But it does not do to reckon without your editors—and so it is that we artists cheerfully put high lights on the hero’s collar, and touch up the whites of the villain’s eyes, and then, even though the scene is set in blackest midnight, you can easily distinguish hero from villain without so much as striking a match.
Mr. Cutcliffe Hyne, in contrast to some, is certainly one of the most careful and most correct authors with whom I have ever had dealings. He is not one of those story-writers who describe a character as a man with only a right leg in the first chapter, and as a man with only a left leg in the next! I think I have never found a mistake or a contradiction in any one of the many adventures of Captain Kettle that I have illustrated.
I remember with amusement that in the early days of the Captain Kettle stories, Mr. Hyne used to be very indignant with me for never making pictures of ships when ships figured so largely in the adventures. This was before I had had the pleasure of meeting him—and his indignation about the lack of ships in my illustrations was expressed to the Editor of Pearson’s.
“I don’t believe the artist-man can draw a ship,” he wrote one day—and, to tell the honest truth now that the adventures of Kettle have come to an end—that time he hit the right nail on the head. I cannot draw a ship to save my life!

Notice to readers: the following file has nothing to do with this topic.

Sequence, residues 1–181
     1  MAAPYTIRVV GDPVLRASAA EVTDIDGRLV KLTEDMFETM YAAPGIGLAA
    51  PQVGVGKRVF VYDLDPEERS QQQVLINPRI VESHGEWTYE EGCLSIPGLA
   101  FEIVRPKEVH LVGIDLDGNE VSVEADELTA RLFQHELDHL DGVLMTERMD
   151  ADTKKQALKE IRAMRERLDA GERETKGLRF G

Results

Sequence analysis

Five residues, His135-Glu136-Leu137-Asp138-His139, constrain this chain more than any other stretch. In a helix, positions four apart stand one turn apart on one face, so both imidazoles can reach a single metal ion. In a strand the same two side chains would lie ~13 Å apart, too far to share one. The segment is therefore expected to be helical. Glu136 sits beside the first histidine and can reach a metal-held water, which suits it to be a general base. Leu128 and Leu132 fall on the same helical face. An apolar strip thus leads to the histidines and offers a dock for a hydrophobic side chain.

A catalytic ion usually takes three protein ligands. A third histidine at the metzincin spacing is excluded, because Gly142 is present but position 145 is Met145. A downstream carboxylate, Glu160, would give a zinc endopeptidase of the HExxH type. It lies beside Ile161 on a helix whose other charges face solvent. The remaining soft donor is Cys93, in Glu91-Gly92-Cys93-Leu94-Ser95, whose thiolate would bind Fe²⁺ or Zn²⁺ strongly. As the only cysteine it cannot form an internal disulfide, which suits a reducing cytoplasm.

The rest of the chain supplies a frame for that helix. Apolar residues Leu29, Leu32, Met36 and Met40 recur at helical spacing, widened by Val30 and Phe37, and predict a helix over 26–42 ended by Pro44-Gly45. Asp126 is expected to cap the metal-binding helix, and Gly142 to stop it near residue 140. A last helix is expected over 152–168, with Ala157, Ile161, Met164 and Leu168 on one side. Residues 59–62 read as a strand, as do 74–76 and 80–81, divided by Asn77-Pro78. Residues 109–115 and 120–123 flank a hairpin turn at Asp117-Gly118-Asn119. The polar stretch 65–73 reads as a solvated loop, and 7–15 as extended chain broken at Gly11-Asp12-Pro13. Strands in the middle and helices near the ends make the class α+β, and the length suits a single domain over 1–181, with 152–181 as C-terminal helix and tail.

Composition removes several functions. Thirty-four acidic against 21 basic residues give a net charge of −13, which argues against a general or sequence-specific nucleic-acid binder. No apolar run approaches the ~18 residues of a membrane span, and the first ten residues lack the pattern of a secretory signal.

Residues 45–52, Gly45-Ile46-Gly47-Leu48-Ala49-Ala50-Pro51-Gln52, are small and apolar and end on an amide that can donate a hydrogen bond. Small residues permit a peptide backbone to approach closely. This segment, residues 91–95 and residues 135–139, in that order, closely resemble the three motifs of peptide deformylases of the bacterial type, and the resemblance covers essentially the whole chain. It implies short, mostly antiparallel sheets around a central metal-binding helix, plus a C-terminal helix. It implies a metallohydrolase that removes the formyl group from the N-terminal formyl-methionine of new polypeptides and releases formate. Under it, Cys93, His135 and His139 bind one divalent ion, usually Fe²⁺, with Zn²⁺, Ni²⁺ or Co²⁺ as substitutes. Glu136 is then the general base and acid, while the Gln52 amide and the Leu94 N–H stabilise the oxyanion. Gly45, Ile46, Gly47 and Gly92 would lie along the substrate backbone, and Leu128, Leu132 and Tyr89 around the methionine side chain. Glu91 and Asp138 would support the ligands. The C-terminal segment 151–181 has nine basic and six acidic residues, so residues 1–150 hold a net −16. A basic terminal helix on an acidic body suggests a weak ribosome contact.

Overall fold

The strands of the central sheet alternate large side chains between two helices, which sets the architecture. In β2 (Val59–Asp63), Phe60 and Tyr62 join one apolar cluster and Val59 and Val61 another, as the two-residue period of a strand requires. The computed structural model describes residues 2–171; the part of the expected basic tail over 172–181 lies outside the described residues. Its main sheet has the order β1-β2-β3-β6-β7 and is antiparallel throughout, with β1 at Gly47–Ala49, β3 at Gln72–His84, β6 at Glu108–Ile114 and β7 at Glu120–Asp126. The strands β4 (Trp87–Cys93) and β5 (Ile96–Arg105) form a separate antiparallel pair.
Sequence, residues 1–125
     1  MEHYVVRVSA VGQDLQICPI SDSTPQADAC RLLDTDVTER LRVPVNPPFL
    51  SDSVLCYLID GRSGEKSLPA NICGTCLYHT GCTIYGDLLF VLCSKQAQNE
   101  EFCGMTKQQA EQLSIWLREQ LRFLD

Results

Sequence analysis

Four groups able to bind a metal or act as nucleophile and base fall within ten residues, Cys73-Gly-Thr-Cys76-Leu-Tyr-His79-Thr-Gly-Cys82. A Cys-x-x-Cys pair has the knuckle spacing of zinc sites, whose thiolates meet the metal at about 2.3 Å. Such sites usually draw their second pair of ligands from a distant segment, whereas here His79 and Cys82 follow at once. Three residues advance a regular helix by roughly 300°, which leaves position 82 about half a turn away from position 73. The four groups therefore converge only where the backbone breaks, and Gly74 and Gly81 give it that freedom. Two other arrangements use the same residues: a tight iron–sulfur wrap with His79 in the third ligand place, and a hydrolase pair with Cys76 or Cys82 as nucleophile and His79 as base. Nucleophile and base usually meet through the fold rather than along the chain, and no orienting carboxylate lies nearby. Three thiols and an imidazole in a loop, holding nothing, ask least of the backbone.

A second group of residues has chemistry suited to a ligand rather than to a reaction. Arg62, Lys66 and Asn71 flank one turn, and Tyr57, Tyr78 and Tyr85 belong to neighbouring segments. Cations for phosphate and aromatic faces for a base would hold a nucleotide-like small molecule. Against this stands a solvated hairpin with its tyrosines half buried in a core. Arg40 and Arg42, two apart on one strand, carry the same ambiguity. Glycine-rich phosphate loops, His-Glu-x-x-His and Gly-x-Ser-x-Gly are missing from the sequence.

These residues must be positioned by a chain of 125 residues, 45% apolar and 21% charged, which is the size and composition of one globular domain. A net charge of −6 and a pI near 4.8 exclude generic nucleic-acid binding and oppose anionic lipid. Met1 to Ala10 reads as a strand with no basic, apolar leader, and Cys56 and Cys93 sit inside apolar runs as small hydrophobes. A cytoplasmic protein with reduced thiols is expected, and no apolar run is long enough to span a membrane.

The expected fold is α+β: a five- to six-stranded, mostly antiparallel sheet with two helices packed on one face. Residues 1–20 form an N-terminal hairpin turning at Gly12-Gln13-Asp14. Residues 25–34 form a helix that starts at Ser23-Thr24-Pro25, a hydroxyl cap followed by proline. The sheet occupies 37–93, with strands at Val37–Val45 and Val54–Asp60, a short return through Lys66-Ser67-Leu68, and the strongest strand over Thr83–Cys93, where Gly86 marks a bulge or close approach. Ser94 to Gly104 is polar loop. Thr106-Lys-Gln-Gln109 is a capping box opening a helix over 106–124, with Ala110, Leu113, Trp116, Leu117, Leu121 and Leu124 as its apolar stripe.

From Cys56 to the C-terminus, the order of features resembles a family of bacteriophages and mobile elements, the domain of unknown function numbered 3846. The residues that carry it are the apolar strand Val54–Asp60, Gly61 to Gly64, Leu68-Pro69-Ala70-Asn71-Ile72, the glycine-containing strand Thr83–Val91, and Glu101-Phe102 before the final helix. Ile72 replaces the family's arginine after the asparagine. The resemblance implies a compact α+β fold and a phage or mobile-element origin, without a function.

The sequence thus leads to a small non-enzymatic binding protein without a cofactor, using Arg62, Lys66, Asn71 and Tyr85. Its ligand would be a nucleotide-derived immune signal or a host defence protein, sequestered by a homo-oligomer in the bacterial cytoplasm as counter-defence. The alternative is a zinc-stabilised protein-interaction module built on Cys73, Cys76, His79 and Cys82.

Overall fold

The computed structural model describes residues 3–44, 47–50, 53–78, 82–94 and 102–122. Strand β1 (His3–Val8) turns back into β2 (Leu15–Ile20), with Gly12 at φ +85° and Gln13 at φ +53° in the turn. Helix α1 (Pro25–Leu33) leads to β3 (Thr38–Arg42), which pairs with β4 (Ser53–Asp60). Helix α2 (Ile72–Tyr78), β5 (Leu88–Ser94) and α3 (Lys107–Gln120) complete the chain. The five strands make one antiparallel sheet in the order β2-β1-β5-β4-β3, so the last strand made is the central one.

The fact is, that an artist can make mere mistakes in drawing a ship than in drawing almost anything—and, of course, if one is ignorant, it does not do to display that ignorance before a critical public. And this accounts for the reason why you will hardly ever find more than the merest indication of a ship in any “Captain Kettle” sketch of mine!
It was the eagle eye of Mr. Cutcliffe Hyne that discovered a significant mistake in the earliest of my Kettle pictures. I drew the little Captain with but one stripe on the sleeve of his coat—and one stripe signifies the status of mate, not captain—four stripes going to a captain’s coat. I never heard of anyone else who noticed this quite unintentional insult that I had thrown at Kettle!
Now there is another well-known author, whose books you rush to read and buy—and personally I am very glad you do so—and not only because the work of providing the drawings to the stories is often given to me. One night that man came to me and insisted that I should draw one of his heroines quite different from all other heroines. This was very hard upon me—for if there is one thing in the world that I hate drawing more than another, it is a heroine!
"You must remember,’ said the author, “that her chief expression came through deep thought and transfigured her face."
“But," I said, “transfigurations at so much per page! It’s altogether beyond me."
“Moreover,” he went on, “it is absolutely imperative that you put the faintest tinge of gold in her hair when the autumn light plays on it!”
“But—but—” I stammered, “my drawing is to be done in black and white!”